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Assuming a SELECT query with multi-table join is executed, which resulted in selection of 100000 rows. The join operation will be performed in memory and the result will also be held in memory until the client (for example - ssms) consumes the entire result?

Once client consumes the result, does the SQL server purge the query result from memory?

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3 Answers 3

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The join operation output will be performed in memory and the result will be held in memory until the client (for example - ssms) consumes the entire result.

This is a complete fallacy. Depending on the join operation, if there are no blocking operators (such as Sort or Hash) in the query plan then it may be the case that there is only ever one row in memory at any given time.

In other words, a completely non-blocking plan (eg joins only using Loop Join or Merge not Hash) will feed each row read from the tables through a series of operators and out to the client. If the client blocks then the next row will simply not be read.

In the case of a blocking operator, the operator itself has memory (or disk space if necessary) to hold the resultset. As soon as the operator completes (which may be before the overall plan completes) the data is dropped. In this case it never remains beyond the lifetime of the query.

Likewise, operators that cache rows as they pass through, or prefetch rows, do not hold on to them beyond the point that the operator completes.

The only things that are cached beyond the lifetime of the query are the query plan itself (which tells the server how to service the query) and the raw pages from the tables (which are kept in a separate area called the buffer pool). The query result is not cached at all.

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Once client consumes the result, does the SQL server purge the query result from memory?

The raw pages of data (but not the calculated results) are cached in Memory, known as the Buffer Pool, and will remain cached (even after serving the original query) to be re-used as needed.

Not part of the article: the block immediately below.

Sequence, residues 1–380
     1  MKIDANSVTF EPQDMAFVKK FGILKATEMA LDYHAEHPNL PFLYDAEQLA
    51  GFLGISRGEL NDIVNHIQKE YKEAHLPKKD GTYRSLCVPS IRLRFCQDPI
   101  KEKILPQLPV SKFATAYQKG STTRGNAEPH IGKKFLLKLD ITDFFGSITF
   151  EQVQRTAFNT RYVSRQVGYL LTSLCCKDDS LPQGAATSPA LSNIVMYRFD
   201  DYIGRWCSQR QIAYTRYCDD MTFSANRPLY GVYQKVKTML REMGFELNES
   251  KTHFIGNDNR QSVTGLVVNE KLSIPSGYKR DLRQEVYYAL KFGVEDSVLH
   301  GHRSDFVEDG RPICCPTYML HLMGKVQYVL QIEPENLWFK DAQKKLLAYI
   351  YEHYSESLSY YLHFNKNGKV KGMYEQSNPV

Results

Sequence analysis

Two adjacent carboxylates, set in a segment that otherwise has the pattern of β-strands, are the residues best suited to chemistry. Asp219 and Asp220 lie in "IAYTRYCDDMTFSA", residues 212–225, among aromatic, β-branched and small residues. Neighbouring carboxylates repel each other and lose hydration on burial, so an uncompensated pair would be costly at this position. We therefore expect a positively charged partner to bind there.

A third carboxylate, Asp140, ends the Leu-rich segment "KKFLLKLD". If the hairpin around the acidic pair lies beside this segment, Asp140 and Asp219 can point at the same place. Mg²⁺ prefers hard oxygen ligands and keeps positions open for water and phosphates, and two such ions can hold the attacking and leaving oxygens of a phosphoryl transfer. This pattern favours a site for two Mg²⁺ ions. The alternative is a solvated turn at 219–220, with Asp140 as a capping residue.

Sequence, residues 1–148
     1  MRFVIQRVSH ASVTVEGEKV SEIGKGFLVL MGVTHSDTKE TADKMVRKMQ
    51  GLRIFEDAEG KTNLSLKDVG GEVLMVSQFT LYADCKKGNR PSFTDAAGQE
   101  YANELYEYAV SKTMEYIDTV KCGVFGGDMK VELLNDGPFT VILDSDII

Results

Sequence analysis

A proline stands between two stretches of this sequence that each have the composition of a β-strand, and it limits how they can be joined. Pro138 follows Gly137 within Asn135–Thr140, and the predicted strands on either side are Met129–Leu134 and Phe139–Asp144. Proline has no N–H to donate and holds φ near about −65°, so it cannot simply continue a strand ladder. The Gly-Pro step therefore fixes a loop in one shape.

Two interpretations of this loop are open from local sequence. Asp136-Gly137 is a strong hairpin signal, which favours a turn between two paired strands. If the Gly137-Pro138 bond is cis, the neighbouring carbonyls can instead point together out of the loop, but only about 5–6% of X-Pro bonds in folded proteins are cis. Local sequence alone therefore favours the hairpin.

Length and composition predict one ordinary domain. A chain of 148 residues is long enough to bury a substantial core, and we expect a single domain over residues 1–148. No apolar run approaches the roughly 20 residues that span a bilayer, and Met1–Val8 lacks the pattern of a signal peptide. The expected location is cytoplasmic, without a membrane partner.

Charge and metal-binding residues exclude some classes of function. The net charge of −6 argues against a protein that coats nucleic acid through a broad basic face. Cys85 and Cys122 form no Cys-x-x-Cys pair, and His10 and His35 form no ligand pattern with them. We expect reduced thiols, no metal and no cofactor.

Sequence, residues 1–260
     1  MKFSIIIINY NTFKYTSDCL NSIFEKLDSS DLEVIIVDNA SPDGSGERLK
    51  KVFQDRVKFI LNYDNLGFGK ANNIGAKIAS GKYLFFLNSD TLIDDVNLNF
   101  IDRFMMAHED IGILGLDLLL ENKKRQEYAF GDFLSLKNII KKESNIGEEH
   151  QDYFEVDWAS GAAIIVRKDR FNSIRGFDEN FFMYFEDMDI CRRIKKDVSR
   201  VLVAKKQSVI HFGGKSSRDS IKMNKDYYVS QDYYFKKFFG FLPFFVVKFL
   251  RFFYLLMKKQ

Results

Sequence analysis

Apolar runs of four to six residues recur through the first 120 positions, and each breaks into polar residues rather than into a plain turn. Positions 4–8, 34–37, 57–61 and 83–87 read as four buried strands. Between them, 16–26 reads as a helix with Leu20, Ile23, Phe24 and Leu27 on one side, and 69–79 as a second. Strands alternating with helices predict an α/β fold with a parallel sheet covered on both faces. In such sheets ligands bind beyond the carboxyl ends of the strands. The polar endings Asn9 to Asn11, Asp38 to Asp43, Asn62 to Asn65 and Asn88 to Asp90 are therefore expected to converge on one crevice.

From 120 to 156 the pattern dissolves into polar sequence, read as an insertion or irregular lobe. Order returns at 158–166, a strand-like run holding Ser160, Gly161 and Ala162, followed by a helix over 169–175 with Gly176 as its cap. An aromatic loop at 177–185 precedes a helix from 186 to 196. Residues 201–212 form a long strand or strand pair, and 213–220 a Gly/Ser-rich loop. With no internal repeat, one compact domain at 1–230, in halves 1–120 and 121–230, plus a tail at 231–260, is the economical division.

Things that can cause pages to be removed from the cache include needing room for new pages of data for a more recent query, Memory pressure, or server restarts. (There are probably other reasons as well that I'm not currently thinking of.)

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  • Is the result of the join operation (or maybe a simple query) held in memory while it is being consumed by the client?
    – variable
    May 4 at 5:59
  • @variable As mentioned by others, the results are streamed to the client immediately, so typically are not held in Memory. Now there are certain operators that create temporary tables in Memory which can get re-used by different parts of the query plan (e.g. when a Table Spool or Index Spool occurs). So sometimes there is data stored in Memory that isn't the raw data pages, but also isn't the final results, and isn't accessible outside of the query plan that is currently executing, and goes away once finished being used by that executing query.
    – J.D.
    May 4 at 11:30
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SQL Server caches plans and data, but it does not cache query results. If you have a scenario in which same query is run again and again, maybe the architecture can be improved. For example, query notifications can be used to notify the clients that data has changed - no need to keep asking if it has.

Oracle has got a result cache in addition to query notifications.

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